Figure 2

Results of absorption measurements for thin films deposited with various precursors. TMA, trimethyl aluminum; TEMAH, tetrakis (ethylmethylamino) hafnium.

Figure 3 shows the LIDT results for films deposited using different precursors. For Al2O3 and HfO2 single-layer films, the LIDTs for films deposited using inorganic precursor (14 J/cm2 and 22 J/cm2, respectively) were larger than those for films deposited using organic precursor (12.5 J/cm2 and 14.7 J/cm2, respectively). For the HfO2/Al2O3 anti-reflector films, those deposited with pure organic precursor had lower LIDT values (approximately 8 J/cm2). Taking into consideration the absorption results, the LIDT results might be explained as follows. When the organic precursor was used, adsorption force was larger as compared to when the inorganic precursor was used. Because the same deposition time used for all films, a greater amount of organic groups remained in the film as compared to inorganic groups. Previous results showed that the organic groups had an intense absorption in the IR. When the laser source was used in a high-energy mode, the dominant damage morphology was due to absorption induced peeling. Therefore, the precursor types did have an effect on the LIDT of thin films subjected to a high-energy laser. Therefore, thin films deposited using inorganic precursor can result in a higher LIDT as compared to films made using organic precursor.

Figure 3

LIDT result for thin films deposited using different precursors.

Analysis of the damage morphology was of particular interest. In this work, damage morphologies were observed using a Nomarski microscope in combination with AFM. Figure 4 shows the damage morphologies for the HfO2/Al2O3 anti-reflector film deposited with either inorganic or organic precursors. Figure 4a shows the damage morphology for the anti-reflector deposited using precursor HfCl4 and TMA, and Figure 4b shows the AFM image for the damage spot seen in Figure 4a. A crater-like structure in combination with peeling is the dominant damage morphology. Using the image shown in Figure 4b, the depth of the damage spot was measured to be approximately 200 nm, equal to the thickness of Al2O3 portion of the thin film. This is evidence that when the HfO2/Al2O3 anti-reflector was deposited with precursor HfCl4 and TMA, subsequent laser-induced damage only occurred only in the Al2O3 layer. The Al2O3 thin film was evidently the vulnerable component of the HfO2/Al2O3 anti-reflector. Figure 4c shows the damage morphology for the anti-reflector deposited using pure organic precursor, and Figure 4d shows the AFM image for the damage spot in Figure 4c. Figure 4(c-1) displays a magnified image for the damage spot indicated by a red circle. When the pure organic precursor was used, peeling (as seen in Figure 4c) became the dominant damage morphology for the HfO2/Al2O3 anti-reflector. The damage depth was calculated using the image shown in Figure 4d and was seen to be equal to the thickness of the entire anti-reflector (approximately 270 nm). This result indicates that the complete anti-reflector sustained damage as opposed to damage occurring only to a single layer. These results lead to the clear conclusion that precursor type can affect the film LIDT.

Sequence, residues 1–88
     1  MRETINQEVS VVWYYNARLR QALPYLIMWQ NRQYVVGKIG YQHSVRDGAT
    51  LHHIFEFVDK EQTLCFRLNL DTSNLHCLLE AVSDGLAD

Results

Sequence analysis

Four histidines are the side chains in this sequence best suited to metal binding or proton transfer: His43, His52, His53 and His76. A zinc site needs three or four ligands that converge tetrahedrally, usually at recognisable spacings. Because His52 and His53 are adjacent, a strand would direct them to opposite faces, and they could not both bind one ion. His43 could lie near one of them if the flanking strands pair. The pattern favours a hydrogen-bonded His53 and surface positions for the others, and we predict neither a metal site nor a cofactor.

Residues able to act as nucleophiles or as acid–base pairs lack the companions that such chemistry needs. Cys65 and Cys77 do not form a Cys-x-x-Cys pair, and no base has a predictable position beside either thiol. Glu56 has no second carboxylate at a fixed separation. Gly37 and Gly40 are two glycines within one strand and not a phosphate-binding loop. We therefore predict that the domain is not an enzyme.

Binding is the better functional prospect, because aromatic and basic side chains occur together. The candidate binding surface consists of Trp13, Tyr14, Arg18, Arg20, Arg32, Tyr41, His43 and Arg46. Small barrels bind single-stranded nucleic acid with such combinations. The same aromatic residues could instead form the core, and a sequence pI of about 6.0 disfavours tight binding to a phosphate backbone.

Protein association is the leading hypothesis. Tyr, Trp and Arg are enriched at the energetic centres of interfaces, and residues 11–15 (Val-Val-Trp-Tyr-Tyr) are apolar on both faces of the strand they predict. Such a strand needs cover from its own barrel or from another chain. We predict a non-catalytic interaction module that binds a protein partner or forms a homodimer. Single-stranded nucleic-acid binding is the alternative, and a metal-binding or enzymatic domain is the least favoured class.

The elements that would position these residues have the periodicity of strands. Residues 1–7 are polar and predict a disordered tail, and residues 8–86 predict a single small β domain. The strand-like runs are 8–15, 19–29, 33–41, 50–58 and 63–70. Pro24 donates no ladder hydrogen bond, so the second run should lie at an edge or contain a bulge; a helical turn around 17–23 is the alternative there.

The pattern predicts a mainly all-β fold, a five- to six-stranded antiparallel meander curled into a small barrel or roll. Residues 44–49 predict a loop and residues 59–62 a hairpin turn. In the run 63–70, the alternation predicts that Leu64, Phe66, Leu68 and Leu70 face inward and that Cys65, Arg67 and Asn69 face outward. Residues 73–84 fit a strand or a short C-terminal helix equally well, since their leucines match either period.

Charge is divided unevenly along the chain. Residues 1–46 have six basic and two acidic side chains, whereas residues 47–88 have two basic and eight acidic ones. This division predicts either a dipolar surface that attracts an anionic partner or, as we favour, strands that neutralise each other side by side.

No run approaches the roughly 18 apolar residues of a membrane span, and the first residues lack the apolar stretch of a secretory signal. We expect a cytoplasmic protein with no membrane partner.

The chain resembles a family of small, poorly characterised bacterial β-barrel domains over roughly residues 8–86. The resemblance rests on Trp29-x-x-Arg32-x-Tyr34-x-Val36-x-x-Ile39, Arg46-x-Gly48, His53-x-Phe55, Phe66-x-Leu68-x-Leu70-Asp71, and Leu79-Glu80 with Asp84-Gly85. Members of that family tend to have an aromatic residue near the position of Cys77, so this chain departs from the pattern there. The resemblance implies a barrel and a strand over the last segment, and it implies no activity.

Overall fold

Figure 4

Damage morphologies for HfO 2 /Al 2 O 3 anti-reflector deposited using the different precursor types in group two. (a, c) Damage morphologies for anti-reflector deposited with HfCl4 and TMA or TEMAH and TMA, respectively, obtained using a Nomarski microscope. (b, d) Damage spot images obtained using AFM.

Figure 5 shows the film absorption values before and after increasing the precursor duration time (precursor deposition cycle time). For the Al2O3 thin film, the absorption showed little change, with the absorption level remaining low. In contrast, the HfO2 absorption became smaller after increasing the precursor deposition cycle time.

Figure 5

Absorption values for thin films before and after increasing the precursor duration time.

The LIDT results for the thin films before and after increased precursor deposition cycle time are shown in Figure 6. The inset in Figure 6 shows the amount of residual organic elements in the single layer before and after the increased precursor deposition cycle time. As can be seen, the LIDT was greatly improved for the Al2O3 thin films (from 15 J/cm2 to 40 J/cm2) but showed little change for both the HfO2 thin films (from 21 J/cm2 to 22 J/cm2) and HfO2/Al2O3 anti-reflector (from 11 J/cm2 to 18 J/cm2). The changes to deposition conditions included decreasing the deposition temperature (from 300°C to 250°C) and increasing the precursor deposition cycle time. The temperature change from 300°C to 250°C did not significantly alter the microstructure for the thin films. However, when the precursor deposition cycle time was increased, the chlorine element was decreased for both the Al2O3 and HfO2 single layers. It is therefore most likely that the LIDT change can be attributed to the precursor deposition cycle time. An increase in the pulse duration did not significantly disrupt the chemisorption process, and reactions were carried forward sufficiently. In addition, organic residual in the films due to incomplete reactions was noticeably decreased. Unfortunately, organic residual remained the weak point in the films used in the laser system. Upon increase of the pulse duration, the residual chlorine element within the Al2O3 thin films decreased from approximately 400 ppm to approximately 200 ppm, and the LIDT showed a large change. In the case of the HfO2 thin films, both the residual chlorine element and the LIDT showed little change. Specifically, upon increase of the pulse duration the residual chlorine element maintained a high level (approximately 1,400 ppm), meaning that thermal damage due to chlorine absorption within the film was the dominant force leading to film damage. This conclusion was also confirmed by the damage morphology results.

Figure 6